How Nevada Democrats Plan to Avoid an Iowa-Style Meltdown Ahead of Caucuses

The Nevada State Democratic Party is implementing procedural redundancies in the hopes that its Saturday caucuses do not go the way of Iowa, where delayed reporting and caucus-site confusion earned that state's Democratic Party widespread criticism.

A memo released by the Nevada Democrats' executive director says that Democrats "are strengthening our processes to address the main challenges that have arisen in the primary process."

"We understand just how important it is that we get this right and protect the integrity of Nevadans' votes," the memo from Alana Mounce acknowledged. "We are confident in our backup plans and redundancies."

The Nevada Democrats commissioned a custom-made calculator to assist trained precinct chairs, who will access the app on iPads provided by the party, to perform the necessary math and factor in early-vote counts. The Nevada Democratic Party also says the phone line that will be receiving results from precinct leaders during Saturday's caucuses will be staffed with 200 people.

By contrast, the now-infamous Iowa caucuses app developed by technology company Shadow was downloaded onto personal devices, and reports suggested that volunteers were never trained on how to use it.

In Nevada, "everything will be provided and pre-configured," Mounce's memo said.

The New York Times reported that Shadow's app was "not properly tested at a statewide scale" before it was rolled out ahead of Iowa's caucuses, with major problems the result. Nevadans are apparently taking this lesson to heart, indicating they "are actively testing this process and will continue to ensure volunteers receive robust trainings," Mounce wrote.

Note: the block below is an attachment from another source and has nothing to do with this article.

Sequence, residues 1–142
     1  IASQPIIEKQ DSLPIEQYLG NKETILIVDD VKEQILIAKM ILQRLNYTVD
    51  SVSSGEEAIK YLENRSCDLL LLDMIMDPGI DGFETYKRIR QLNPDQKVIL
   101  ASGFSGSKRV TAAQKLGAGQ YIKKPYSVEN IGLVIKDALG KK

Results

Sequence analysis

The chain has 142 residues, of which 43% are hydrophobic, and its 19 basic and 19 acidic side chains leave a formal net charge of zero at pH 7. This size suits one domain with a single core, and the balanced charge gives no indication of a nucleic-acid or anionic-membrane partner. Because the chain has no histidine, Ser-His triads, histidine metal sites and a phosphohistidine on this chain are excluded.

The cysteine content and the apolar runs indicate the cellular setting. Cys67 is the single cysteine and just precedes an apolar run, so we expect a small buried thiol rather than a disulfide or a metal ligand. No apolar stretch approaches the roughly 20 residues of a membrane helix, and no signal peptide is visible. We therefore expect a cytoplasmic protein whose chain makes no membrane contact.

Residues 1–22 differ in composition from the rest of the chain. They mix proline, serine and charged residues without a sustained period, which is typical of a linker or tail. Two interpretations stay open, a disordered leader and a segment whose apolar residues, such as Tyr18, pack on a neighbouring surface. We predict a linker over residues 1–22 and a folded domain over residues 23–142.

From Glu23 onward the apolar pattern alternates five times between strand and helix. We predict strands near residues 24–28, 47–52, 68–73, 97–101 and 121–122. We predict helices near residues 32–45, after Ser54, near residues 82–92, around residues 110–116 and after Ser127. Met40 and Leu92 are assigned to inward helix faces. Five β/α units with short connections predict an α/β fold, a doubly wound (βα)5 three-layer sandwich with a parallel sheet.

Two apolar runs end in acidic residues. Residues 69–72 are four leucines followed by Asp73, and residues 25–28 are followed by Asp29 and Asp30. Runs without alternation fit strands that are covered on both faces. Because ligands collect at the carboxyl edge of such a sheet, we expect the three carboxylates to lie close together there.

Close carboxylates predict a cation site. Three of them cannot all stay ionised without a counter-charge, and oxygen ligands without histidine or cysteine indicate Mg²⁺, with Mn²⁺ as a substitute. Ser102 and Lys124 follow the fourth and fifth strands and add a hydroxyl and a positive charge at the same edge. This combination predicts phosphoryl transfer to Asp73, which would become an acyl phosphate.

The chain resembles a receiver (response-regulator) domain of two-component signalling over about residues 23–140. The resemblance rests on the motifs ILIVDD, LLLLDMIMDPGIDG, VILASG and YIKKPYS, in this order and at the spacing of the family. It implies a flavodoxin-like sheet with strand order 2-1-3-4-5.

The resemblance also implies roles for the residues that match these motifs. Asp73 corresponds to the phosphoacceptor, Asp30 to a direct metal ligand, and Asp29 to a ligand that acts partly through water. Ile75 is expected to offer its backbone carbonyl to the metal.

And where Iowa's backup telephonic system was clogged with calls from precinct chairs stymied by virtually unusable app-based reporting, Nevada caucus sites plan on reporting results through two sources: a "secure hotline" and documentary verification from a caucus sheet or calculator.

Mounce announced that the party has already consulted with the federal Department of Homeland Security on best practices. The department never evaluated Iowa's caucus app, a fact that critics highlighted as they noted concerns about potential vulnerabilities in that state.

Seeking to allay fears about a repeat of Iowa—which President Donald Trump seized upon in an attempt to discredit the Democrats' governance abilities—Democratic National Committee Chairman Tom Perez said the party is going "as low-tech as humanly possible" on Saturday, "while still preserving efficiency."

"I'm very confident that we will be able to carry out a successful caucus," Perez said on CNN Wednesday.

The bungled caucuses in Iowa catalyzed calls to reconsider the state's primacy in presidential nominating contests every four years, a notion that has ratcheted up the pressure to succeed in Nevada.

Because of a host of factors, the state may be presented with a rare opportunity to make a showing for its competence, and diversity, as calls mount for Nevada to supplant Iowa as the first state to vote in the primaries.

Almost 75,000 Nevada Democrats voted early during the prescribed four-day period this cycle, just around 10,000 votes fewer than the total number of caucusgoers in 2016, when there was no early voting.

Caucuses will be held at 252 different locations, and voters can choose to register with the state's Democratic Party on-site.

Caucus Volunteers Receive Training Before Nevada Votes In Presidential Primary
Volunteers receive training for recording the Nevada caucuses results on February 20 in Las Vegas, two days before the voting. Win McNamee/Getty